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An Overview and History of Pineywoods CattleThe Culture and Families That Shaped the Breed

Author Justin B. Pitts With strain commentary by D. Phillip Sponenberg, DVM, Ph.D.


Amason ox in the field. Photo by ALBC staff.

The AuthorsJustin B. Pitts is a passionate steward of Pineywoods cattle and the culture of the Deep South. Under the direction of the American Livestock Breeds Conservancy, Mr. Pitts traveled throughout the Deep South to gather historical information from the older breeders about Pineywoods cattle and the culture in which they were and still are raised and used. D. Phillip Sponenberg, DVM, Ph.D. D. Phillip Sponenberg, DVM, Ph.D. has served as the Technical Advisor for ALBC since 1978. He is employed as a veterinary pathologist and geneticist at Virginia Polytechnic Institute and State University in Blacksburg. He has written several books on color genetics and rare breed conservation. He is sought after internationally as a speaker on genetics as well as rare breed conservation. Dr. Sponenberg has taken the lead on Spanish horse rescues and is a conservation breeder of Spanish horses and Myotonic goats. Previously he and a partner worked to conserve an important traditional line of Texas Longhorn cattle, and developed several techniques that have proven useful in a number of breeds. He works closely with several breed organizations as well as individual breeders of several different breeds. Edited and Compiled By Marjorie Bender Michele Brane Jennifer Kendall

Copyright 2010. This work was published by the American Livestock Breeds Conservancy. PO Box 477 Pittsboro, NC 27312 (919) 542-5704

We are grateful to the Cedar Tree Foundation who provided funding for this and other efforts of the Renewing Americas Food Traditions partnership.Pineywoods Cattle Page 2

IntroductionThe Pineywoods is one of the oldest breeds of cattle in the United States, descending from Spanish cattle brought to the Americas beginning in the early 1500s. The Pineywoods breed was shaped primarily by agricultural and environmental conditions in Alabama, Mississippi, Georgia, and other parts of the southeastern United States. Environmental conditions, along with some human selection, has resulted in a breed that is heat tolerant, long-lived, resistant to parasites and diseases, and able to be productive on marginal forage. In 2009, the American Livestock Breeds Conservancy partnered with Justin Pitts, a passionate steward of Pineywoods cattle and the culture of the Deep South, to capture the story behind the breed. Pitts traveled across Mississippi, Alabama, and Georgia, collecting the oral history of Pineywoods cattle. For hundreds of years, families across the Deep South have devoted their lives to the breed. This is their untold story a story filled with sacrifice, hardships, tradition, family heritage, and culture. It is this story of history and culture that has helped shape the breed into the hardy breed that it is today.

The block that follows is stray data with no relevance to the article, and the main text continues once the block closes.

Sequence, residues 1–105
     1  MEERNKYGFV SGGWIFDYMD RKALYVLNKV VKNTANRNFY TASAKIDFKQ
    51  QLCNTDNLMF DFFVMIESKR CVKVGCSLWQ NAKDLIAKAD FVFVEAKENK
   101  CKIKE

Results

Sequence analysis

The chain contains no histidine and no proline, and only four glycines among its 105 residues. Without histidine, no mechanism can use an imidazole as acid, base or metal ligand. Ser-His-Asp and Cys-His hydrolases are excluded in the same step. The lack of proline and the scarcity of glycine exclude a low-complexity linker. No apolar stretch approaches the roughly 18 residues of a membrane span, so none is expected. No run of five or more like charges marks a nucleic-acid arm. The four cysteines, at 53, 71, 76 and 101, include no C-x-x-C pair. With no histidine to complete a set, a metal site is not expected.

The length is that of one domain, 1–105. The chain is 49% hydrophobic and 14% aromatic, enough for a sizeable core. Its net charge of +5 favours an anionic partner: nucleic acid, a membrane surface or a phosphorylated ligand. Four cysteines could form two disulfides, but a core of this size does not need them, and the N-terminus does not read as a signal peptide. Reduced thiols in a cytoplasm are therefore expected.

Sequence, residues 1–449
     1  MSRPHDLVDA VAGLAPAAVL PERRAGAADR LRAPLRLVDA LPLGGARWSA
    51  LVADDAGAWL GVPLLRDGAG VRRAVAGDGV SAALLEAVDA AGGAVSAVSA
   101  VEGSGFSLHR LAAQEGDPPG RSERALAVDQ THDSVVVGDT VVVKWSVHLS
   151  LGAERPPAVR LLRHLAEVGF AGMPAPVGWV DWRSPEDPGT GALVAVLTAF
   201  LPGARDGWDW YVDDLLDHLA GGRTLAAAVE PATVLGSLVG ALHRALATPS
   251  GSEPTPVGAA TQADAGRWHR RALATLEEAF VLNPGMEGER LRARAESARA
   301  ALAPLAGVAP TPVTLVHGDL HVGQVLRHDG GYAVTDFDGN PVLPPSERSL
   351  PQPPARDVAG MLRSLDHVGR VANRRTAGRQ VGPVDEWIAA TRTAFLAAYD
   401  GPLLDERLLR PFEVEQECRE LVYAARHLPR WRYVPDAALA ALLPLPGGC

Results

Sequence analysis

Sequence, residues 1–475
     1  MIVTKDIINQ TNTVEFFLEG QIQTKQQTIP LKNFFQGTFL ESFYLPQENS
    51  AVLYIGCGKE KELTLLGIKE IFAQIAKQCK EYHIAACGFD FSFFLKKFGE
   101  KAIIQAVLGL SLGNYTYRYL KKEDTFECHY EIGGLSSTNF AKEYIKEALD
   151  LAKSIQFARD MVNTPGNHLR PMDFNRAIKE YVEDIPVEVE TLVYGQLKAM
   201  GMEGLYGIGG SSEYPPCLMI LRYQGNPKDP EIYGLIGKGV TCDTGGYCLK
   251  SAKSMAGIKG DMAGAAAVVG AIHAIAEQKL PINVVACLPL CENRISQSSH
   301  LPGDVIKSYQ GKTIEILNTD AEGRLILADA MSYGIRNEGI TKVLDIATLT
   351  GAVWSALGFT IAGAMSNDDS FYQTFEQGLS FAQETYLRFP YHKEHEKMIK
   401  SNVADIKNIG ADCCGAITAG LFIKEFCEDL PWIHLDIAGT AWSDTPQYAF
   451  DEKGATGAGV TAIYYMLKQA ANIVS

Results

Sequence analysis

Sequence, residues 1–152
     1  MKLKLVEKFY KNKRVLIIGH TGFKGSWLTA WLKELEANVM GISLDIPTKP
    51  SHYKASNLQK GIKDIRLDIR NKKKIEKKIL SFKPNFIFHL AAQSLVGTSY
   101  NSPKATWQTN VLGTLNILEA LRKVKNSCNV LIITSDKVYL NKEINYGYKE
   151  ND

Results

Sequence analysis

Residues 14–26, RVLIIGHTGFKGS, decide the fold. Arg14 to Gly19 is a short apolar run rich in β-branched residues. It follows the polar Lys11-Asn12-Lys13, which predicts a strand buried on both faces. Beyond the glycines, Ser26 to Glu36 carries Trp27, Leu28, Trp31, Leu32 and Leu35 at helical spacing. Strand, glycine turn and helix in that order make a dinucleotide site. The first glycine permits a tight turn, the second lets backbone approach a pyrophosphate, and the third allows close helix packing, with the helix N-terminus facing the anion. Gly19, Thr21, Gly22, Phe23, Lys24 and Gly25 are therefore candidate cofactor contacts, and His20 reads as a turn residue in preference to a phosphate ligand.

A young Pineywoods cow and calf at the Carter farm. Photo by ALBC staff.

The Story of the Pineywoods by Justin B. PittsOriginsWhen Pineywoods breeders are asked where they think the original cattle came from, the initial response is that an ancestor, usually a grandfather or great-grand father had them and so on back as far as anyone remembered. As the conversations deepen, Pineywoods breeders generally add that the cattle are Spanish in origin. Sometimes along the coastal counties, they are referred to as French cattle. Jim Holt of Cordele, Georgia, however, believes the Pineywoods cattle in his region came from Britain since Georgia was once a penal colony established by Lord Oglethorpe. Documentation later showed that the cattle in Georgia were brought out of Florida (a Spanish Colony) and were of Spanish descent. Breeders tend to agree that, as a breed, Pineywoods cattle are the hardiest of the bovine species in the Deep South. During my travels through the Deep

South, I heard the same story told over and over again. Most of those interviewed tell of some relative moving into the local community and establishing herds and flocks of livestock after marrying into a local family. It was around 1920 that Fred Diamonds grandfather married a local girl (Saucier) and established his herd from local cattle. The stock was generally received from the brides family members. Rarely did a person bring with them any livestock other than maybe mules, or in the case of Billy Andersons grandfather, oxen. Neither mules nor oxen are used for breeding purposes, so they had no impact on the local livestock. In nearly all the stories shared, the ancestor(s) arrived in the home community following the timber business as some form of tradesman in that enterprise. Fred Diamond states that his grandfather arrived in the Howizon, Mississippi, area as an engineer on the dummy lines that hauled timber out of the deep woods to the sawmills. Bruce Conway shares a similar story. The Conways became established in Perry County, Mississippi, around the 1890s. Originally from Florida, James Jefferson Conway migrated into Perry County after having settled around Atmore, Alabama. Here he married a local girl, homesteaded a farm, and began raising stock on the open range in the Buck Creek community.Pineywoods Cattle Page 3